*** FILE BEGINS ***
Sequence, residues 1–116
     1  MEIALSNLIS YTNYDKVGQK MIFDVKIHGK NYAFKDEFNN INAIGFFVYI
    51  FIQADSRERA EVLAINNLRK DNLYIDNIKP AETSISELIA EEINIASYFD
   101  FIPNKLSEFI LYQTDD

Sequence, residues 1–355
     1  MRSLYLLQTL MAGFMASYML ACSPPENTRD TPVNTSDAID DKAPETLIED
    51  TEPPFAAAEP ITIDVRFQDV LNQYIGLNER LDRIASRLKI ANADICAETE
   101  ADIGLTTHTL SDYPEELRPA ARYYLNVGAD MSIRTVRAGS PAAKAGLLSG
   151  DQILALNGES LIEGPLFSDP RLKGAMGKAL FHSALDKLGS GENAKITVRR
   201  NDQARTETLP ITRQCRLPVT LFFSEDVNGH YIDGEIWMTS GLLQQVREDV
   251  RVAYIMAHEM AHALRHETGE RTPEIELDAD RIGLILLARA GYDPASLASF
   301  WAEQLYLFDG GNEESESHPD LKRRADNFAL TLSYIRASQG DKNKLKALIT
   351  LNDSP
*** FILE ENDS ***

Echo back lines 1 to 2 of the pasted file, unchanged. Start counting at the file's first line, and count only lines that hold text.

Sequence, residues 1–116
     1  MEIALSNLIS YTNYDKVGQK MIFDVKIHGK NYAFKDEFNN INAIGFFVYI